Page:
But, this post isn’t about digital camera created images, it’s about my re-entry into analogue, film based photography. My commercial studio work left film behind in 1995 with the acquisition of a Dicomed or Betterlight Scanning Back designed for continuous light photography with a 4×5 view camera. Once Kodak and Canon teamed up to create the 560c 6MP EOS 1n camera, I paid 23K for one and bought just about every lens Canon made at the time.  A lot of money to pay for a second generation, crop framed sensor camera, but it paid for itself many times over in my studio. But, the batteries lasted about 45 minutes to an hour and the miniature HD storage disks only held a few hundred MB. It was not conducive to a day of location or natural light outdoor shooting , and the thought of stalking around with a 23,000.00 camera dulled the desire to shoot on the street.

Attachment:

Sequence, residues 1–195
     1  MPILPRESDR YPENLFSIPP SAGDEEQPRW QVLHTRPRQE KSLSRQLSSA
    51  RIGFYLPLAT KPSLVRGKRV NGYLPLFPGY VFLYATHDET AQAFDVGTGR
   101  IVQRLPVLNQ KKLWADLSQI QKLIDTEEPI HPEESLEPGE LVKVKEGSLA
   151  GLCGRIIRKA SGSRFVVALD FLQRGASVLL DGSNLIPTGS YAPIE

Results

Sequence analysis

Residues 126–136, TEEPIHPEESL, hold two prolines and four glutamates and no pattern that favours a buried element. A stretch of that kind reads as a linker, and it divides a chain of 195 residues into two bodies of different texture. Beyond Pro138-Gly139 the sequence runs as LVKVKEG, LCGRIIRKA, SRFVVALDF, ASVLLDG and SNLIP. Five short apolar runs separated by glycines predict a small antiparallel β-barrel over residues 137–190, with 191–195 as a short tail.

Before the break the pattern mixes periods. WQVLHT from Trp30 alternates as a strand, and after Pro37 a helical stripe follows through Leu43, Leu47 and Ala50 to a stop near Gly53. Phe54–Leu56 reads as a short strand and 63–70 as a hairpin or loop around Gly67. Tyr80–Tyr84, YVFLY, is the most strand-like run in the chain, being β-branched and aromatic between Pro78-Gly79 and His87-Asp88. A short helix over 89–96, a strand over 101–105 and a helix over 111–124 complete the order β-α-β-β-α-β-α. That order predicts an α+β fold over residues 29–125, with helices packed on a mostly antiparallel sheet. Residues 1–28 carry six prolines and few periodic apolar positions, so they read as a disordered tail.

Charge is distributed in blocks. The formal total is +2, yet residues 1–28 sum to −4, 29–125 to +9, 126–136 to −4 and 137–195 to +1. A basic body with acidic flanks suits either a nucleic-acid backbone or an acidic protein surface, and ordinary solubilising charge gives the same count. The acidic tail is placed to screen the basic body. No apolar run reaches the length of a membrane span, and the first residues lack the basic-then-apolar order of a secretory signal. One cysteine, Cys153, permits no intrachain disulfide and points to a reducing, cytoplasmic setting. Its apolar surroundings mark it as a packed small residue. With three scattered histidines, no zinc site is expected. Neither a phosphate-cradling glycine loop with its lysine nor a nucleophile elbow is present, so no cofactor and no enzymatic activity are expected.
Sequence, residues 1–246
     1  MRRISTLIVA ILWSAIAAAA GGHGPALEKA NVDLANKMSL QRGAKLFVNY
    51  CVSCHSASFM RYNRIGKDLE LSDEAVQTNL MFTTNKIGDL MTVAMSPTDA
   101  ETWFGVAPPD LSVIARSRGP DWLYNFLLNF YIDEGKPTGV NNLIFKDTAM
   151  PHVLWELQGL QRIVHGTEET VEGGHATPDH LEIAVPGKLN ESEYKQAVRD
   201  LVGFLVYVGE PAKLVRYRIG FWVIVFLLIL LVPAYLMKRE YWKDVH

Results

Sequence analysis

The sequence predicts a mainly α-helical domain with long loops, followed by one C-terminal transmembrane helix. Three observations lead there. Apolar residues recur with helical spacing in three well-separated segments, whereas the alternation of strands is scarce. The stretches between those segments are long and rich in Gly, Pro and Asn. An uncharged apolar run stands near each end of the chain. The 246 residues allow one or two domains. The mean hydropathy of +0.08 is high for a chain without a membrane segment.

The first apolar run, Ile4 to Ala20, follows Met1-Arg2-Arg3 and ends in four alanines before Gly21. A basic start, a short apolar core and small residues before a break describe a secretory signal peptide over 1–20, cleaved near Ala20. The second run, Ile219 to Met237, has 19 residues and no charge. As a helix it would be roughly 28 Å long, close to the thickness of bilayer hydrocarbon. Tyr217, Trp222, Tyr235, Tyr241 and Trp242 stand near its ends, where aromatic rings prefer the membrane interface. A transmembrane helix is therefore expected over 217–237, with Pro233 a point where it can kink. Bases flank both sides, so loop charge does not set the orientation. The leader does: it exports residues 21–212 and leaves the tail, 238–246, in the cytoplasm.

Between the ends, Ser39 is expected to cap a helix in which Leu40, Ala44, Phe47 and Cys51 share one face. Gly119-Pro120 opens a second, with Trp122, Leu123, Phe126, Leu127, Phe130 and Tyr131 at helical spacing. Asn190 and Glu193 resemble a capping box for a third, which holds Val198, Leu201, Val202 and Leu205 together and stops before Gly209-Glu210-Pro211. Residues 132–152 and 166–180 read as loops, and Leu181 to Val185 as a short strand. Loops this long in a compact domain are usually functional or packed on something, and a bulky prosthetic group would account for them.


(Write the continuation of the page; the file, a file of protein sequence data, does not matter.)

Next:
I played around with Polaroid PN55 and a Horseman 4×5 in the early 2000’s but it was clunky, painfully slow, created lot’s of un-recyclable refuse and expensive. As the MP count went up in the Canon 1Ds to 11MP, the 5D to 12MP, the MkII to 21MP I was happy to shoot digital for clients and for my art, too. Then in 2007, I bought a Canon 5D Infrared camera and created many infrared black and white landscape images which have been  in a Mill Valley gallery since 2010.

A few months ago I was looking at images created with cheap plastic cameras on the Lomography site and thought maybe I’d like to shoot a little film once in a while. That got me enthused to go through my archives of street photography from the 1980s and 1990s and extended into several series of images I made with medium format b&w films in the 1980s and 1990s. I am amazed at the incredible gray-scale tonal quality and accutance of  the AGFA APX100, Ilford FP4 and Kodak Panatomic X in those images. I had to get a camera to shoot medium format again.